American Studies and Women’s Gender Sexuality Studies
Originally from New Jersey (central Jersey to be exact), Raynise Cange has found a home for herself in the Midwest. She says, “Despite always telling my friends that I don’t like NYC, it warms my heart that, if I go home, there is a chance that I could possibly find a queer community like the one I have built here.” After spending time at Macalester and not seeing many queer people of color (QPOC), Raynise ventured from Snelling and Grand to different QPOC spaces at the University of Minnesota, such as Tongues Untied, and queer spaces in Minneapolis, most which happen in the wonderful Cafe SouthSide. Raynise also spends her time volunteering at Minnesota Transgender Health Coalition’s Shot Clinic and plans to become part of Trans Youth Support Network. As a part of her senior capstone, Raynise started a blog that talks about love in all capacities for women of color and QPOC, which has become a major focus. “As a graduating senior, I am trying to learn the balance of living life in a practical way that pays bills and a radical, soul-pleasing way that keeps me happy and sane,” she says. “Currently, my plans are to enjoy life and define what happiness is and what actions lead to that state of mind.” For undergraduates, Raynise recommends finding time for yourself and doing the things you love. “There is no reason to be apologetic about carving out time to be with yourself and enjoy who you are. If I could do anything over again, I would probably spend more time writing poetry and short stories because that’s when I am at home with myself.”
Metropolitan State University
Gender & Sexuality Studies
Natasha Chapman is no stranger to hard work and perseverance. As a first generation and transfer student with multiple jobs and high excellent academic marks, she is accustomed to wearing multiple hats. Natasha is currently the vice president for Lavender Bridge, a longstanding GLBTQ student organization at Metropolitan State University, as well as a student assistant in the Gender and Sexuality Studies Services Office on campus. If you would have asked Natasha early in her career as an advocate, she would never have envisioned herself in any leadership roles, let alone two at a time. This experience has helped her to move supporting GLBTQ and womyn’s work from behind the scenes to a very visible presence on campus. These experiences have enabled her to find her inner voice and allow the work to continue on for future generations. Natasha’s next role is a transition to graduate student. She will begin a Master’s program in Gender and Women’s Studies at Minnesota State University, Mankato in the fall and hopes to further her exploration of feminist theory, gender literacy, and GLBTQ rights movements. Natasha hopes the program will provide her tools for social advocacy to help young girls and GLBTQ communities combat stereotypes in their daily lives, particularly those portrayed in the mass media. Natasha loves the interdisciplinary approach to gender studies and is interested in portrayals of gender and GLBTQ identities in popular culture and the intersectionality of identities. For those graduating this year, Natasha offers some insight: “Don’t let others’ perceptions of you stop you from reaching your goals.”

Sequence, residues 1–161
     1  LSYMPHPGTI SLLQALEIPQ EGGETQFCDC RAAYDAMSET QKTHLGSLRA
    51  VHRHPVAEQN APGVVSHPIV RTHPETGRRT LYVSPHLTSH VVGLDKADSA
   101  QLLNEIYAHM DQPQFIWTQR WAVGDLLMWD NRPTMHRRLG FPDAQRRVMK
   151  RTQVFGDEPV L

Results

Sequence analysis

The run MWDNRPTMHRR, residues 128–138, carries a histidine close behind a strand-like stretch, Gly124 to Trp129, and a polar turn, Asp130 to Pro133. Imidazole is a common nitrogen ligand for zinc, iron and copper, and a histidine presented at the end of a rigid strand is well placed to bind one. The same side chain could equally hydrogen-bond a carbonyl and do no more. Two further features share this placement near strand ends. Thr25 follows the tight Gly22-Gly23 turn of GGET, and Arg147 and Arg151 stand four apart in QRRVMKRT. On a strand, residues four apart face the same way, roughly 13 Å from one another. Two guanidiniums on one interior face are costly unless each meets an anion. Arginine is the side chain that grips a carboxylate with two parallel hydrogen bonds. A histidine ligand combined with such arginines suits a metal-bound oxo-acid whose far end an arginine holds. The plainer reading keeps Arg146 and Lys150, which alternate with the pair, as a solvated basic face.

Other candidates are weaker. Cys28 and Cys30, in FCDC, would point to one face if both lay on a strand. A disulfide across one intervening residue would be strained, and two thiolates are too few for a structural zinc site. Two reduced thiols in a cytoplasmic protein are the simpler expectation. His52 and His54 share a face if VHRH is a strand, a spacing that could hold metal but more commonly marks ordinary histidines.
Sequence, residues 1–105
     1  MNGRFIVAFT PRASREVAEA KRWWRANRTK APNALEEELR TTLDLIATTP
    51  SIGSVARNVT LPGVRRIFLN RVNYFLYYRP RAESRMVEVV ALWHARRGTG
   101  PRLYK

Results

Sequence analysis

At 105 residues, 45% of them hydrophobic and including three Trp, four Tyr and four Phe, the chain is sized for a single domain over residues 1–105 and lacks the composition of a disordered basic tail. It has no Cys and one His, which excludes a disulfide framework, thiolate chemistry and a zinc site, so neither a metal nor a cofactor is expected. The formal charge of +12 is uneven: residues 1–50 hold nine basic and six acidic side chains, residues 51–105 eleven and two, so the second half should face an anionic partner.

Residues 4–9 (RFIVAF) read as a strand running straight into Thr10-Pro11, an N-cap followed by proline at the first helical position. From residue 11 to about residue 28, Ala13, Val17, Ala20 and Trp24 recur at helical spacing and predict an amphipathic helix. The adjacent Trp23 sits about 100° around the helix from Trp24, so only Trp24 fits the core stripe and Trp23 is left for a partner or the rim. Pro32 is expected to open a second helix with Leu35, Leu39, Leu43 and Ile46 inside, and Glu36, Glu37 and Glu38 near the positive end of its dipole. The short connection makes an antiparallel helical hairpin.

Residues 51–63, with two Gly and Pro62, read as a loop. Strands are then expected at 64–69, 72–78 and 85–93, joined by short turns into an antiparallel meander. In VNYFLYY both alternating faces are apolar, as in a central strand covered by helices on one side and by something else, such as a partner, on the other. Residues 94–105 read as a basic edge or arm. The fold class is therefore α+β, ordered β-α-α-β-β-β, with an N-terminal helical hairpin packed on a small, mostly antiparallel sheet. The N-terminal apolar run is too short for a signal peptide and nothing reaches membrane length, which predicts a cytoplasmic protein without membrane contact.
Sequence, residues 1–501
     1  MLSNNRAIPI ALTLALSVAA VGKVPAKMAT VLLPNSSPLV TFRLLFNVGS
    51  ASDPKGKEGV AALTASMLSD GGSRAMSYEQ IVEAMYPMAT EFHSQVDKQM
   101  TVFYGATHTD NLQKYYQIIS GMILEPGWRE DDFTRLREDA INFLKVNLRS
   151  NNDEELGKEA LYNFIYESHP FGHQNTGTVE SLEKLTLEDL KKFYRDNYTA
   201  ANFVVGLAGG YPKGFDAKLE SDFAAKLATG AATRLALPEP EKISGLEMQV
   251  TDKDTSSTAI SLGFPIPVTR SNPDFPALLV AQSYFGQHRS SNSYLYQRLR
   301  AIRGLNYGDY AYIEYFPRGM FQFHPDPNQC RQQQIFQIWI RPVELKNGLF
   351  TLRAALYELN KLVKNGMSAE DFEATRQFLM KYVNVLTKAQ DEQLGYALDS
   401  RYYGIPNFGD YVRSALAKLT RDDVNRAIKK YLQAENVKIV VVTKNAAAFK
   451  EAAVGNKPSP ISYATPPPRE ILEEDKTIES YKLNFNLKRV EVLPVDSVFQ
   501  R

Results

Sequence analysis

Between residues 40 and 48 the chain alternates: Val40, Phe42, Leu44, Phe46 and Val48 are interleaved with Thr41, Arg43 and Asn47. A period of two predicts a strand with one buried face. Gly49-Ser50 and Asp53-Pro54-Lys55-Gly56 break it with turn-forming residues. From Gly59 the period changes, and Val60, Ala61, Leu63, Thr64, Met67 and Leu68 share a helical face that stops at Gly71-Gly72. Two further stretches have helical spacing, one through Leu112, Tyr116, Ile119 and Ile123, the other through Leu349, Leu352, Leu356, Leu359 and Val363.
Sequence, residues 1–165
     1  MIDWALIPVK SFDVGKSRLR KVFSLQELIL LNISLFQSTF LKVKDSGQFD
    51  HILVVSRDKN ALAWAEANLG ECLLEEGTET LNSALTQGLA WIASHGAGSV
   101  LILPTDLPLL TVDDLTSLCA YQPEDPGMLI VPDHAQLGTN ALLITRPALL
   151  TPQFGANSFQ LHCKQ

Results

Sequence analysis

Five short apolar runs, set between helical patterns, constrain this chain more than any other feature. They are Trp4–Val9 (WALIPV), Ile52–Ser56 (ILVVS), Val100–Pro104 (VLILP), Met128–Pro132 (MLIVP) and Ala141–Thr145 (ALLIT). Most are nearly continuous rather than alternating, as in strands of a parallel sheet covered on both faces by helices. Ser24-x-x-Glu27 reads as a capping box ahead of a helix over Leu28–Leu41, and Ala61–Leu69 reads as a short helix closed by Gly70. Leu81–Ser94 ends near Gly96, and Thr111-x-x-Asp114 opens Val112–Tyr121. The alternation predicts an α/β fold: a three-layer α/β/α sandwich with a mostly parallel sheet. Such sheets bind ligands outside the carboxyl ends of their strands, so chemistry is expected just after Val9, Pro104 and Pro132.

University of Minnesota, Twin Cities